Welsh education is experiencing a time of unprecedented change instigated by a report from the OECD about the education system in Wales. The report made clear that the most important factor for improving outcomes for pupils is the quality of teaching they receive.
This led to Professor Graham Donaldson’s report on a new curriculum called “Successful Futures” (and now “Curriculum for Wales”), which outlines a radical new way of looking at how learning takes place and what young people will need to live successful, healthy and happy lives in the twenty-first century.
It has also started a shift away from strict government set guidelines that for the past twenty years have been imposed on teachers, to a system where teachers have the responsibility to design the curriculum themselves.
These fundamental changes require a profession that is:
- better informed
The foundation of these reforms comprises of new professional standards for teachers, a full review of teacher training, and support for schools to manage the change such as the Schools as Learning Organisations (SLO) approach developed in conjunction with OECD.
To further support teachers professional learning the Education Secretary announced The National Approach to Professional Learning (NAPL), in November 2018. At £9 million in this financial year, increasing to £15 million in the next financial year, it is the single biggest investment to support teachers in Wales since devolution.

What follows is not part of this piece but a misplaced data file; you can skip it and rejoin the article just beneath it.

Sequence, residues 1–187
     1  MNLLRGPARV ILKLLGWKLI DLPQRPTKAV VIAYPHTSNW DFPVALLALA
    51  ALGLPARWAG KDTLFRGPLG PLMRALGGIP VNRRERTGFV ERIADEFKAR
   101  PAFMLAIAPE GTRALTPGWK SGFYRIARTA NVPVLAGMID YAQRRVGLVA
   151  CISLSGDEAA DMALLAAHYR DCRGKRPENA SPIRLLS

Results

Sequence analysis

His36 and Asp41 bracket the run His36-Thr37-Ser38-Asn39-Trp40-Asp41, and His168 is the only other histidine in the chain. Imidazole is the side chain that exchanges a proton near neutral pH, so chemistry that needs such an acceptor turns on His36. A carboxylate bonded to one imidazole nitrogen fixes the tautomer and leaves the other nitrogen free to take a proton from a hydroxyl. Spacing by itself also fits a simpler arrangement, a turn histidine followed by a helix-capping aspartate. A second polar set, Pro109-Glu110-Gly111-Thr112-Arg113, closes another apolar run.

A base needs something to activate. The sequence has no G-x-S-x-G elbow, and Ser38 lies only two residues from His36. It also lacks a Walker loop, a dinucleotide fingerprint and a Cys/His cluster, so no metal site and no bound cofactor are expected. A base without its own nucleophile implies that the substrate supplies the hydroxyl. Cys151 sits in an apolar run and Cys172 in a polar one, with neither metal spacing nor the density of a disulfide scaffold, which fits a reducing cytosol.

This funding will give schools the time and resources they need to plan ahead for the new curriculum and ensure that changes are made in a way that will prioritise the wellbeing of teachers and minimise disruption to pupils’ learning.
Schools will also be encouraged to create, share and exploit learning opportunities with other schools and organisations as they work together in clusters. The government said it would give teachers more flexibility about how and when they learn and would include “learning outside the classroom, online learning, classroom learning, and coaching”.
In a Statement about educational leadership in The Senedd in May 2017, Kirsty Williams was clear that, “We have to move away from the old-fashioned professional learning that we’ve done in the past, where we require teachers to come, and listen to a sage on a stage for the day and go back and simply do that in that school. That simply is not inspiring for professionals themselves, nor does it have an impact in the classroom… Time is a real issue, and constrictions in budgets do make time for professional learning a real challenge. That’s why we’ve got to be much more creative about how we provide professional learning opportunities, not in the very old-fashioned way.”
On a daily basis, digital reflection and collaboration technology are having a profound effect on teacher development.
Just as digital technologies have radically impacted upon the cost of and availability of music, film, and television, teachers and schools can now benefit from personalised, on demand and effective CPD at a fraction of the cost of traditional methods.
Technology-driven CPD helps to guarantee that every teacher has access to both the information they need and the higher order experiences like reflection, feedback, and collaboration that are needed to make changes where it matters most; in their classrooms. Making it more effective than traditional professional development methods.
There are numerous case studies demonstrating its effectiveness. An excellent example is Ainslie Wood Primary School where as a result of their investment in making technology driven CPD, they have dramatically reduced their CPD spend by 47% and successfully moved 95% of teachers from Ofsted Inadequate or Requires Improvement to Good and Outstanding.